He started participating in constructive activities and discovered he loved to help younger kids with learning disabilities.  Today, Jack is a college student who proudly talks about his recovery journey, and he is studying to become a Speech Language Pathologist (SLP). He will specialize in working with autistic children.

Sarah and I are both so proud of the young man he’s become.  What you need to remember, every child is unique, and for lasting recovery, they require personalized care that addresses their individual needs, not a generic program that deals with symptoms.

True, long-lasting healing takes time, and these kids need to learn what triggers their behaviors and gain insights so they manage their mental health instead of it controlling them. 

"The journey of recovery is not a short trip... but a lifelong commitment of dedication and hard work."

The Case for Educational and Therapeutic Consultants

Due to the complexities of mental health issues and the limitations of short-term RTC, a parent should not go it alone. Working with an educational or therapeutic consultant who specializes in working with families of struggling teenagers can make all of the difference in your journey.

An ed consultant will assess your child’s needs, evaluate your child’s specific situation and consider all aspects of their life, including medical and academic history. Then, recommend appropriate individualized long-term solutions for personalized care.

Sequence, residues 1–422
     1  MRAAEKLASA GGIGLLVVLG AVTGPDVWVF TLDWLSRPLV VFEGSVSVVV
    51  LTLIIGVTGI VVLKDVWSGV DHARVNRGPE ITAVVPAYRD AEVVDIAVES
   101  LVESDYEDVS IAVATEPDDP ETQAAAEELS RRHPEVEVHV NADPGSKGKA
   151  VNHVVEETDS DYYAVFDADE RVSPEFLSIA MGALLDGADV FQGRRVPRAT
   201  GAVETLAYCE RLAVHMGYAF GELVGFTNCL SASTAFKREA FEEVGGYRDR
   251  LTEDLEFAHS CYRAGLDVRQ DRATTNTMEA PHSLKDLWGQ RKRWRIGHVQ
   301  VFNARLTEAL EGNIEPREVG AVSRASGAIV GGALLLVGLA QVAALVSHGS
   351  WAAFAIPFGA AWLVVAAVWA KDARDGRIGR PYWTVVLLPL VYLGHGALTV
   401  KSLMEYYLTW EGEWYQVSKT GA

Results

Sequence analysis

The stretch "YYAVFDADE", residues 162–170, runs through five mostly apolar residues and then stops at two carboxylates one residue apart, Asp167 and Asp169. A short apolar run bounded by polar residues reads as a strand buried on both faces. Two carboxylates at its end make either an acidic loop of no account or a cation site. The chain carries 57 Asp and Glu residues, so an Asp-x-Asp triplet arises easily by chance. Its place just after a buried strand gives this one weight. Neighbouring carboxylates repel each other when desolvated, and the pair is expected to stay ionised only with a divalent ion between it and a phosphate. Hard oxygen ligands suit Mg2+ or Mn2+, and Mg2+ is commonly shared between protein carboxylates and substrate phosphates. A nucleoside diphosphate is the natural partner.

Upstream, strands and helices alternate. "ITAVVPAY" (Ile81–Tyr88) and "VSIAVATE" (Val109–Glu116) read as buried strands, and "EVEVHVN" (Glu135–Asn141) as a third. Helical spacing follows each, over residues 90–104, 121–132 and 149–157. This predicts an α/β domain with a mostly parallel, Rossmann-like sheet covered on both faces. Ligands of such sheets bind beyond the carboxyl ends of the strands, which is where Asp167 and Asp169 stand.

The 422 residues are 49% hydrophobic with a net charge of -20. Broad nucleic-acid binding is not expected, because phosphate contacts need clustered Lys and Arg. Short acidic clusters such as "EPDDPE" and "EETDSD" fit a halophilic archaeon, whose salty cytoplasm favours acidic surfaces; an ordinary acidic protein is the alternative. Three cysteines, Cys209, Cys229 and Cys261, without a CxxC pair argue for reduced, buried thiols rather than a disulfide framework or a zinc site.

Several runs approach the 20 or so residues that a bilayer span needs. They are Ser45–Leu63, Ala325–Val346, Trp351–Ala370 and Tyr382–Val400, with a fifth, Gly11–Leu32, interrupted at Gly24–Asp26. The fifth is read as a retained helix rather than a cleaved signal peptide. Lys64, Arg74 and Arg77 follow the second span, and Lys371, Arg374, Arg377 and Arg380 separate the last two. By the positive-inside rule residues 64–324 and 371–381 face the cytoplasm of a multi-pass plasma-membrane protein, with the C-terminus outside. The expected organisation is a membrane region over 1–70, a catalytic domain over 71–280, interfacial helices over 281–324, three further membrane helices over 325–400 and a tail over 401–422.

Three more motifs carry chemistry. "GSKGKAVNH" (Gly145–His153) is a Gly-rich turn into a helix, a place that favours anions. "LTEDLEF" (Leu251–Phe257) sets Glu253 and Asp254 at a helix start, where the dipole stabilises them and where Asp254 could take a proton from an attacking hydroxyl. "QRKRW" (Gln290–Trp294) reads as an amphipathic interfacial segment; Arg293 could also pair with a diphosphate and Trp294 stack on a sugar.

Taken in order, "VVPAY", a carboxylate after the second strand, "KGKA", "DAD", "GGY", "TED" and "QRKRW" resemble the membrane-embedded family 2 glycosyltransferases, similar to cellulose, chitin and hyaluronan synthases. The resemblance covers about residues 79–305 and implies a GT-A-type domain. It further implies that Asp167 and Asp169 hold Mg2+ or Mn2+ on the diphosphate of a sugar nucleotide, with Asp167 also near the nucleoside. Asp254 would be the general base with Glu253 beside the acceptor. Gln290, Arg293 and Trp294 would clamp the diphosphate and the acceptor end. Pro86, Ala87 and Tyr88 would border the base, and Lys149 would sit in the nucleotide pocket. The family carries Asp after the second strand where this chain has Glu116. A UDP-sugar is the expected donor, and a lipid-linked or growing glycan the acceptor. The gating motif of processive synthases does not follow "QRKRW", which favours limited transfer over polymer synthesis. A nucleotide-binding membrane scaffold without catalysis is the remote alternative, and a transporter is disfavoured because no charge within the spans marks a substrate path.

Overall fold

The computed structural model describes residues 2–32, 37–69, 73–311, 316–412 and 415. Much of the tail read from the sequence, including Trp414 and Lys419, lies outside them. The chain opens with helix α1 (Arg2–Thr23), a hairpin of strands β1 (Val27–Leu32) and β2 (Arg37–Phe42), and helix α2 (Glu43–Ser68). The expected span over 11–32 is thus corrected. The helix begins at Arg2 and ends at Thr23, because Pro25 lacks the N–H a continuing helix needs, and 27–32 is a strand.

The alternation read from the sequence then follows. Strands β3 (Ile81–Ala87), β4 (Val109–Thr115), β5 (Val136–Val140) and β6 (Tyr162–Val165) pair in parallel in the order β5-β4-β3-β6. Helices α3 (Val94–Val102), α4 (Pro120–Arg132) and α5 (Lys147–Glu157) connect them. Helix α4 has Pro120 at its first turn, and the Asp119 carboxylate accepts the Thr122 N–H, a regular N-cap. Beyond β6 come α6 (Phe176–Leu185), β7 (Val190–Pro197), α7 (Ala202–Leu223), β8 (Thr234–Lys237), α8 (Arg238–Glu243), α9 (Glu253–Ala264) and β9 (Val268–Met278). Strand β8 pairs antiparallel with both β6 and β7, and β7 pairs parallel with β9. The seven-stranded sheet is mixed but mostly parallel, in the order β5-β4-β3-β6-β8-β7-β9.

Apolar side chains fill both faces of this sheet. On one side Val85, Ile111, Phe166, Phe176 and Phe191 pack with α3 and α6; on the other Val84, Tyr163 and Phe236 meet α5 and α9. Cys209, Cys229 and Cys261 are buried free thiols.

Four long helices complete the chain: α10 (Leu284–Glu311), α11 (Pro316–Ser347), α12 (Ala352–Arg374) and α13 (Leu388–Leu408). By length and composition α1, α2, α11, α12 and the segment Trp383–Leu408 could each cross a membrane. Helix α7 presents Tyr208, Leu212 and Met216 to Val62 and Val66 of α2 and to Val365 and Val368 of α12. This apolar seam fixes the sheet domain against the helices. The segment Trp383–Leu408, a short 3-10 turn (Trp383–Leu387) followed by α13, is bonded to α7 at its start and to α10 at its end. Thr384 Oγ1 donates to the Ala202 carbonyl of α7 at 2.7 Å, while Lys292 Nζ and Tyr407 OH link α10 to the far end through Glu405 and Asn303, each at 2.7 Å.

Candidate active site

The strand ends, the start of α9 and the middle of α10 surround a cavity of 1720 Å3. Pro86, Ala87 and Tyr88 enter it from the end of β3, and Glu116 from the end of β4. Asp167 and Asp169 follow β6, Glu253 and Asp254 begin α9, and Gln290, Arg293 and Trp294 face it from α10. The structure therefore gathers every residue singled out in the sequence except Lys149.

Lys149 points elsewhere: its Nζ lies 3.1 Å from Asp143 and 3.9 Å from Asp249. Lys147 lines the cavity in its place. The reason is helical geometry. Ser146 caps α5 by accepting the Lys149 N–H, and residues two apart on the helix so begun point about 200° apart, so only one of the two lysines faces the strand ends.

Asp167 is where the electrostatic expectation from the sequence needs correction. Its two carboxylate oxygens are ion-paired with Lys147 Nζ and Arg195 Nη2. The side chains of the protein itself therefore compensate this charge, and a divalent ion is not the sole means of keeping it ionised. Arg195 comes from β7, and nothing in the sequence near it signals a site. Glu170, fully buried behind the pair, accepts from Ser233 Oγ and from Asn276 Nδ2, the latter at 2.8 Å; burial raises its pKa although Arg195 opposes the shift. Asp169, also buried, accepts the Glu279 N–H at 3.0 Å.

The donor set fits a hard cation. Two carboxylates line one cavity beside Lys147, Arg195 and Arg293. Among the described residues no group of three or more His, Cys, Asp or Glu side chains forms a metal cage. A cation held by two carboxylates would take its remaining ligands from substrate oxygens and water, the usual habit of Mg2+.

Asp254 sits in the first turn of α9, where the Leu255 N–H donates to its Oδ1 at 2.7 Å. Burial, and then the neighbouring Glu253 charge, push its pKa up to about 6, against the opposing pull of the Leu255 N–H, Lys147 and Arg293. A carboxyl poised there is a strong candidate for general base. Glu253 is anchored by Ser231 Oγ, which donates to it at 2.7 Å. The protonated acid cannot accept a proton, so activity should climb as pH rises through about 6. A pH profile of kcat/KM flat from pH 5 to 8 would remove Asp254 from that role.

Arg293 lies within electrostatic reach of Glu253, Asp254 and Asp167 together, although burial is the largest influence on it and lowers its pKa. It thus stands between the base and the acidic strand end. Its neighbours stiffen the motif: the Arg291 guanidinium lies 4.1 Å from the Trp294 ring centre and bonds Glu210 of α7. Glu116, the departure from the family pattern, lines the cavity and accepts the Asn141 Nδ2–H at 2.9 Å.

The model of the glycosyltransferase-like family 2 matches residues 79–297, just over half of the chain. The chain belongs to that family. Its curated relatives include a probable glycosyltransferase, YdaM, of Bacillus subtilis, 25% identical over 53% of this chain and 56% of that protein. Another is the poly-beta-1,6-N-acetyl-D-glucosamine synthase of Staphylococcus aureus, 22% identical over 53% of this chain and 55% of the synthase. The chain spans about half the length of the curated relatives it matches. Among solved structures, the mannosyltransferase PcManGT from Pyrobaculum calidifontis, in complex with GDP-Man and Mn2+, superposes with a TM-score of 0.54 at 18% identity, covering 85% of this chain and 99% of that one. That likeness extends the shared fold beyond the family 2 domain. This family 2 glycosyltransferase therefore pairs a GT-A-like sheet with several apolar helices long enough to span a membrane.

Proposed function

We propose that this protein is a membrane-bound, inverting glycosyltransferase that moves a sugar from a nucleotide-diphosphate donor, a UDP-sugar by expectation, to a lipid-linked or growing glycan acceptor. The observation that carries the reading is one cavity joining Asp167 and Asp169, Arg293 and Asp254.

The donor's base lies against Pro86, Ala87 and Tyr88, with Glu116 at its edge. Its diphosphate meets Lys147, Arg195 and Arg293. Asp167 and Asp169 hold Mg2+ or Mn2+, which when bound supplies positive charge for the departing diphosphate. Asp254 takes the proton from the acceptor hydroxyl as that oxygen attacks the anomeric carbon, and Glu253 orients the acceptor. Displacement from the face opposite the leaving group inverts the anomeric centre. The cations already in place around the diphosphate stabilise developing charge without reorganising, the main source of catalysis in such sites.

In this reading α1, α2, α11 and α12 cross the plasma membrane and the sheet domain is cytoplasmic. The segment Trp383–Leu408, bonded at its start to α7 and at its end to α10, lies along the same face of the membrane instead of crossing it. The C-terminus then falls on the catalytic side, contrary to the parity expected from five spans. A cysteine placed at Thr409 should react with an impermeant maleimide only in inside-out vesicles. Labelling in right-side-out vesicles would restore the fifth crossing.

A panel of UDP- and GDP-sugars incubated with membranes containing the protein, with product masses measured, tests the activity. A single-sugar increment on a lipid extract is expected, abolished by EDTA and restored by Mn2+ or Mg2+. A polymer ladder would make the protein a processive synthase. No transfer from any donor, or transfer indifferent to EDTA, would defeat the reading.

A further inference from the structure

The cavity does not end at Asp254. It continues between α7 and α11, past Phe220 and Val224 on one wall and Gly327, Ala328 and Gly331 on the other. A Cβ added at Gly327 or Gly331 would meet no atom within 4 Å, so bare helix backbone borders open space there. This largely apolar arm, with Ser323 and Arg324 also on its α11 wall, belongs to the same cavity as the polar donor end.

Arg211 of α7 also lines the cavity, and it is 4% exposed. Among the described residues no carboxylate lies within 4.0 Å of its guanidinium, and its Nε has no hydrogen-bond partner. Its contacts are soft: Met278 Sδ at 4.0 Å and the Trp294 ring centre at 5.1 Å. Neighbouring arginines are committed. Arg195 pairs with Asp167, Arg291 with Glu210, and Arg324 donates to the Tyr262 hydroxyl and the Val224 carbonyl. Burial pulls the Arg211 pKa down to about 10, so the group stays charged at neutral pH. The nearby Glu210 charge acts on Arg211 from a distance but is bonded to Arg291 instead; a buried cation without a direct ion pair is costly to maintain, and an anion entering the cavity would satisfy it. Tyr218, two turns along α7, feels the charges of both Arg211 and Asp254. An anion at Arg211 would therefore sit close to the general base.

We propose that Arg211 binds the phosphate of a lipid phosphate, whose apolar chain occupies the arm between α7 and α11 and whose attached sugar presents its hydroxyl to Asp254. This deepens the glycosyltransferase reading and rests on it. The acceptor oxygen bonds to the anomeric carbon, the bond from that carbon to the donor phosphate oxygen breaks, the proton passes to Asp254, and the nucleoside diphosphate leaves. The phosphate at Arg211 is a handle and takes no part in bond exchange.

What to Expect from Your Ed Consultant

Beyond education, we offer guidance on behavioral and mental health problems and help you formulate effective strategies. 

A therapeutic consultant usually focuses specifically on emotional and psychological issues. They work with therapists, schools, and parents and understand that true healing takes time and effort for all involved. They typically remain involved after a child goes into a program and become advocates for the family.

I’m both an ed and therapeutic consultant, as well as a parenting coach.  I would like to help you navigate this difficult time and become your advocate. I’ve been helping families for over twenty years, and together we saved many babies. 

I advise you to partner with a professional like me, who has relationships in the industry, has visited hundreds of programs, and understands what you need to help your child heal and find joy again. If you do not have health insurance or cannot afford a paid program, please visit a resource from SAMHSA.

Ready to make the best decision for your teen’s future? Take back control over your teen’s life today. Schedule a 30-minute consultation and let’s navigate this journey together. It’s time to help your child heal, find joy, and regain control of their life. You’re not alone. Let’s get started on your path to healing and recovery now!